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Shareowners Challenge Shell to Report on Oil Sands Risks The Corporate Social Responsibility Newswire

03.16.2010 – 05:17PM

By CSRwire Contributing Writer Bill Baue

Oil or tar: the first term suggests a productive (but polluting) energy source; the second, a sticky mess. This linguistic difference captures the divide between proponents of exploiting Canadian oil sands (or transforming bitumen deposits embedded in sand and clay in Alberta into usable petroleum), and those who question the financial, social, and environmental impacts of what they call tar sands (the term coined in the late 19th Century to describe the pitch-like substance that First Nations peoples had used for years to waterproof their birch bark canoes.)

Shell, for example, promotes its Athabasca Oil Sands Project as a way to navigate the triple bind of rising global energy demand, diminishing supply of “easily accessible oil and gas,” and “[r]emaining within desirable levels of CO2 concentration in the atmosphere,” according to the company fact book on the project. This language echoes the “More Energy, Less Carbon Dioxide” mantra of the Shell Energy Scenarios to 2050 report from late 2008.

However, Lauren Compere of Boston Common Asset Management cites research finding that extracting and refining oil from tar sands produces three times as many greenhouse gas emissions on average than extracting and refining conventional crude oil. When I asked her to compare this fact with Shell’s mantra, she said, “I think it’s not consistent. In terms of investing in low-carbon-intensive energy resources, oil sands are certainly not a strategic move.”

Boston Common is one of more than 140 institutional investors supporting a shareowner resolution asking Shell to report on the strategic risks of Canadian oil sands investments in the face of “future carbon prices, oil price volatility, demand for oil, anticipated regulation of greenhouse gas emissions and legal and reputational risks arising from local environmental damage and impairment of traditional livelihoods.”

In the lead-up to the vote at Shell’s May 18 Annual General Meeting, support for the resolution has been gaining steam. This week, Mercer Investment Consulting (one of the world’s biggest advisors to institutional investors) responded to client demand by taking the “unusual step” of writing to about 120 investment managers asking them how they intend to vote on the Shell oil sands resolution (as well as a similar resolution at BP), according to Responsible Investor. Last week, a cross-party group of Members of Parliament in the UK advocated for their own Parliamentary Pension Fund back the resolution, and last month FairPensions, the advocacy organization coordinating the resolution-filing, launched a campaign urging pension fund beneficiaries to email their fund managers to support the resolutions at Shell and BP. (In the US, many other companies face oil sands resolutions, including ExxonMobil and ConocoPhillips.)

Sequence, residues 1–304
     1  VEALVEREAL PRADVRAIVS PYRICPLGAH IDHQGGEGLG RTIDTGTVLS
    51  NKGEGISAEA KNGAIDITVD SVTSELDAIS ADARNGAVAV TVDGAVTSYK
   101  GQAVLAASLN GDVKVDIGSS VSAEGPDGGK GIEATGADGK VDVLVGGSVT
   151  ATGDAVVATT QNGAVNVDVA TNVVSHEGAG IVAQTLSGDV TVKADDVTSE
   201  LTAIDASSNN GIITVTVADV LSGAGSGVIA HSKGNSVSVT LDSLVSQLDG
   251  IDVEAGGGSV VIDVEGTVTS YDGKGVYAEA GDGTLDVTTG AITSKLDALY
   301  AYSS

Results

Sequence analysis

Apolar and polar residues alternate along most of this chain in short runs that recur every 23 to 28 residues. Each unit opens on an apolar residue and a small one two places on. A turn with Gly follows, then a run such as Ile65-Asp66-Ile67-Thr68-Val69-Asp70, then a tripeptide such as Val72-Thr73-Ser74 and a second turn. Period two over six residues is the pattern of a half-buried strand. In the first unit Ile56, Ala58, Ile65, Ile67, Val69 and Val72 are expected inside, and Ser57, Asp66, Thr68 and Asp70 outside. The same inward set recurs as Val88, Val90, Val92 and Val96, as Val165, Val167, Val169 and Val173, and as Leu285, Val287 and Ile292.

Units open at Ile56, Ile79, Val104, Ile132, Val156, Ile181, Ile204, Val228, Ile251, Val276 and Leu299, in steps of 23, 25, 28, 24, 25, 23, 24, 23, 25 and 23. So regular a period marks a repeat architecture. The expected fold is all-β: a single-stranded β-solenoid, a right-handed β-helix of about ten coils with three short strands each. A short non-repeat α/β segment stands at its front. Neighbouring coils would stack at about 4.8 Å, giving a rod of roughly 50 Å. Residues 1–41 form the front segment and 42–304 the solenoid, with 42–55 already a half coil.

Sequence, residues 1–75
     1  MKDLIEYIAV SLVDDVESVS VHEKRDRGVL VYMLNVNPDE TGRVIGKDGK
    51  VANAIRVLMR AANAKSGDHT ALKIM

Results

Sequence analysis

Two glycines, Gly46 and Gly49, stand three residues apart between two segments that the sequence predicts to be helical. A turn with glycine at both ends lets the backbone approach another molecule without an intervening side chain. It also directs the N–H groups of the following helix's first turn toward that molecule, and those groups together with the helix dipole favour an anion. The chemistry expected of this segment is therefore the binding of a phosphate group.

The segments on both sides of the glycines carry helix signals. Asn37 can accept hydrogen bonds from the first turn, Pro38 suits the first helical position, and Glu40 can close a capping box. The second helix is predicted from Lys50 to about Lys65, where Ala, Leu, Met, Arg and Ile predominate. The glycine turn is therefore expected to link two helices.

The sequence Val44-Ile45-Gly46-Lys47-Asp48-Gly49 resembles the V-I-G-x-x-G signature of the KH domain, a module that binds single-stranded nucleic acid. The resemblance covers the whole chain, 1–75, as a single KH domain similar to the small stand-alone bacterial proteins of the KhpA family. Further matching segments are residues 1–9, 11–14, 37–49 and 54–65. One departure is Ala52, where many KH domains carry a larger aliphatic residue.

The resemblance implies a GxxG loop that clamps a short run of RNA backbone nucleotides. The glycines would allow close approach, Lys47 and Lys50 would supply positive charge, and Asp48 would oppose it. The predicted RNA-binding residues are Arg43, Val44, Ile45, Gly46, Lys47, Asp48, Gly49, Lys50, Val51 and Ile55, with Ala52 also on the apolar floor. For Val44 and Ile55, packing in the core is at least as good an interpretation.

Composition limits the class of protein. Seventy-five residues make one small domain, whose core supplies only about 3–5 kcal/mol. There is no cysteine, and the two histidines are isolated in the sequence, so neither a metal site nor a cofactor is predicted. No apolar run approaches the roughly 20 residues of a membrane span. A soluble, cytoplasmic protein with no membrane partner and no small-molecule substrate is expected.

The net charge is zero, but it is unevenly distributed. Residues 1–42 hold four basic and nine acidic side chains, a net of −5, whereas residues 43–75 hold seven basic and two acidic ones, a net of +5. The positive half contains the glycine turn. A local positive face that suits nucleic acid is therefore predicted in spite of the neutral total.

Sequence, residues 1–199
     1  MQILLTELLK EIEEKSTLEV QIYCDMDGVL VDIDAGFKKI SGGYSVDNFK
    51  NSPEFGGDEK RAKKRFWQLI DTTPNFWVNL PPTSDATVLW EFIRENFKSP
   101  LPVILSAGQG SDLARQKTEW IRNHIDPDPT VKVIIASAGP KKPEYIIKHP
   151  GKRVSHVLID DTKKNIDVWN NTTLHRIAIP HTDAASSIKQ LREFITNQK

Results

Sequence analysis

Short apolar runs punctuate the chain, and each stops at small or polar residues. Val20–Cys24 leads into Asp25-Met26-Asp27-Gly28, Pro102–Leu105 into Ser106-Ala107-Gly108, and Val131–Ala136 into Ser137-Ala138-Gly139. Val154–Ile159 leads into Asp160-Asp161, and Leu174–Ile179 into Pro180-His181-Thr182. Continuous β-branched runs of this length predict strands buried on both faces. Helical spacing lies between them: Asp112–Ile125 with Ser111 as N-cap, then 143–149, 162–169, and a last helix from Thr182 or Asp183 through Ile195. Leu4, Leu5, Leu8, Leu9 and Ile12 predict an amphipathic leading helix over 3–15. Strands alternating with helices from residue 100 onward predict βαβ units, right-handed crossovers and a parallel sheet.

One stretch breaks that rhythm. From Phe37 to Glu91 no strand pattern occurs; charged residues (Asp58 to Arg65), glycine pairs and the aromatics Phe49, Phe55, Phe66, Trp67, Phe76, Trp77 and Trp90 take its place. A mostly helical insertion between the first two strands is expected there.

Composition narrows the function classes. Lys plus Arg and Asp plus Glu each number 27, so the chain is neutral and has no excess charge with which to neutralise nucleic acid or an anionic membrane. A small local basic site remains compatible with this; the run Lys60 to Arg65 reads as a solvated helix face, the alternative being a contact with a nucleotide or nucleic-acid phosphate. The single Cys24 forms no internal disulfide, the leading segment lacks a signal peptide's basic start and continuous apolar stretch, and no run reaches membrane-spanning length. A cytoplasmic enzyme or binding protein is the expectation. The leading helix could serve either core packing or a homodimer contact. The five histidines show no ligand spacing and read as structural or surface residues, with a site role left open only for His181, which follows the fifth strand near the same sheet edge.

The past couple of years have seen a raft of reports analyzing the financial, environmental, and social impacts of oil sands.

“Compared to other oil sands operators, Shell stood out for the relative carbon efficiency of its projects,” stated a November 2009 report from Northwest & Ethical Investments and Ceres. “It was the only company with targets for absolute emissions reductions, and the company that had most strikingly reduced its absolute global emissions—although this can be attributed partly to a declining production trend over the past several years.”

A July 2008 oil sands report by Trucost advanced similar findings. “Shell has been amongst the leaders at being as efficient as they can as we go toward the harder-to-reach sources of energy,” said Trucost Vice President Cary Krosinsky at the Future Scenarios: Energy & Economy panel discussion that Audubon hosted and Shell sponsored (and I produced/moderated.)

A January 2008 WWF / Pembina Institute report graded Shell in the middle of the pack on emissions intensity, and a laggard on intensity and absolute emissions reduction targets. In the overall ranking in five categories (general environmental management, land, air, water, and climate), Shell received a 37 percent grade (a little above the average 33 percent average) to rank fourth amongst the 10 companies assessed.

Shell is not deaf to stakeholder input. Earlier this year, Shell agreed to assess sustainability performance as a significant part of executive bonus packages in response to requests from shareholders. And the company has hosted webchats on the website on doing business in Nigeria, biofuels, and carbon capture and storage – but not yet on the controversial issue of oil sands.

“Compared to BP, they’ve done a fairly good job of disclosing the operational end of their oil sand projects,” said Lauren Compere. “Ultimately, you’d hope that BP and Shell would look at all of [the material] issues and reset their thinking around the future of oil sands. If it needs to be part of their portfolios, it needs to reflect the true costs involved in that production.”

The unanswered question is whether even the most responsible corporate behavior can mitigate the true costs of social upheaval borne by the First Nations inhabitants (who have filed lawsuits) and environmental destruction absorbed by the earth (which is increasingly signaling it’s reaching and perhaps surpassing its ecological limits).


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